As it is, I find it challenging to keep up with the large number of orders for my Australian (and NZ) stockists and customers.
A lot of independent designer/makers say they struggle with the ‘business’ side of things – how do you structure your business to ensure all the boring sales/office tasks/marketing and PR gets done?
I was lucky enough to join the agency Ambiguous Horse in the early days of Betty Jo Designs. It helped me secure numerous interstate and NZ stockists, took care of the online ordering system, organised some PR, participated in trade shows and generally kick-started things along.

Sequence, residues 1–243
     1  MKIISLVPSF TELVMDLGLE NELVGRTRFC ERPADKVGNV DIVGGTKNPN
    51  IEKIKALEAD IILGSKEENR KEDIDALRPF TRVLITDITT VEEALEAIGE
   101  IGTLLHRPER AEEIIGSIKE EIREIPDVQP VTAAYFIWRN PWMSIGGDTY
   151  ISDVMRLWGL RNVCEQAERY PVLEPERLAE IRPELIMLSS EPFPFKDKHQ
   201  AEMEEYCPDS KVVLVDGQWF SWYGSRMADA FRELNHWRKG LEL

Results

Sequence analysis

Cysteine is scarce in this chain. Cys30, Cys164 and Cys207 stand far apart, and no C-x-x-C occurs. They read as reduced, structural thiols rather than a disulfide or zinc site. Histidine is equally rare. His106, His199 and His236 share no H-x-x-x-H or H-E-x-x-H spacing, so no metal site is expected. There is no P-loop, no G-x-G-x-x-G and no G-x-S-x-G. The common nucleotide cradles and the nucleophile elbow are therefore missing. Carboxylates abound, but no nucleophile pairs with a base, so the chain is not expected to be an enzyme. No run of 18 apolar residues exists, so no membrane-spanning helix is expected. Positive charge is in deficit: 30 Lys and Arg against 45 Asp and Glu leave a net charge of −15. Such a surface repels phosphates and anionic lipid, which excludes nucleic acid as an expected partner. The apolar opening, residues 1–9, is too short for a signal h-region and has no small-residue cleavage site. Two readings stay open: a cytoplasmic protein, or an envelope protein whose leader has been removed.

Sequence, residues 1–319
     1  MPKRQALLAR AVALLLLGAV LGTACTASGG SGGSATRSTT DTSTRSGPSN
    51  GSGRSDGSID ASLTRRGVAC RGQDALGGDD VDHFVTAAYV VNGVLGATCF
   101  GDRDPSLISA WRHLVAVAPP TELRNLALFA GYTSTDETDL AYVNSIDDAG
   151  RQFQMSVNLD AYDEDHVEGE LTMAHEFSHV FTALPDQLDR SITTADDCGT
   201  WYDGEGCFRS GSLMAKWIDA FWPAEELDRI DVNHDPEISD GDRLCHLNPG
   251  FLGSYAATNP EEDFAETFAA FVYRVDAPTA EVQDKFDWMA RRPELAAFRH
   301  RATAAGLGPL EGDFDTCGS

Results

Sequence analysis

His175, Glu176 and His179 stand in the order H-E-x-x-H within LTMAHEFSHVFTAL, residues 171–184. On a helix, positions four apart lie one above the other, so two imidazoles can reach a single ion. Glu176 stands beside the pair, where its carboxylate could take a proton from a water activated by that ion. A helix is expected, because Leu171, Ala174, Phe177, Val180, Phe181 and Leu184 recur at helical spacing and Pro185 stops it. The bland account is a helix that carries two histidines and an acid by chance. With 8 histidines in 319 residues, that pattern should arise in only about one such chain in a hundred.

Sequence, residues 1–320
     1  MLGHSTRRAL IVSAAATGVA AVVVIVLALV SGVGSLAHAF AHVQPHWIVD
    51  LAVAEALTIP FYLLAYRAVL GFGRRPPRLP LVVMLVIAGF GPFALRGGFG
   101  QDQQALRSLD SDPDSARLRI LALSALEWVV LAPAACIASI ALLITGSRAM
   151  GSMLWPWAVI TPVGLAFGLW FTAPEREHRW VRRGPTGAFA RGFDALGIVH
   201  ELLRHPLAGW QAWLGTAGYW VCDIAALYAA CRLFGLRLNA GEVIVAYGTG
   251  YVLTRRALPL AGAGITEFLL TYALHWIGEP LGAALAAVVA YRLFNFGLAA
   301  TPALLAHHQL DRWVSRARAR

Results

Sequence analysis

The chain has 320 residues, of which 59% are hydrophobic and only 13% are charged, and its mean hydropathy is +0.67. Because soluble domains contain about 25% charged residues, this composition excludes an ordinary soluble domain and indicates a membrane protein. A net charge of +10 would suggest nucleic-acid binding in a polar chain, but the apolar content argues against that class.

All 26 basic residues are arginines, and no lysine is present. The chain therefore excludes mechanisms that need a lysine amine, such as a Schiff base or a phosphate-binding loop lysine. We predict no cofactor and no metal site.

On the home front, I deal with all my Victorian stockists, organise the accounts and keep on top of the paperwork at Tax time. There's a lot to do to keep the ball rolling in a micro business like mine, so at times it can feel like your juggling six balls in the air.
Where do you turn for creative inspiration – nature, travel, books, magazines or the web etc?
I try to surround myself with Inspiration. In fact my studio, and house for that matter, is pretty full of kitsch, cute and colourful vintage knickknacks, old toys and children’s books. Jolly Enid Blytons, Classic Golden books and any beautifully illustrated picture books, no matter how preloved.
I am also continually blown away by all the talented artists and crafts people in this City. You can’t help being inspired by their originality and innovation. If they work with re-cycled, repurposed materials, even better!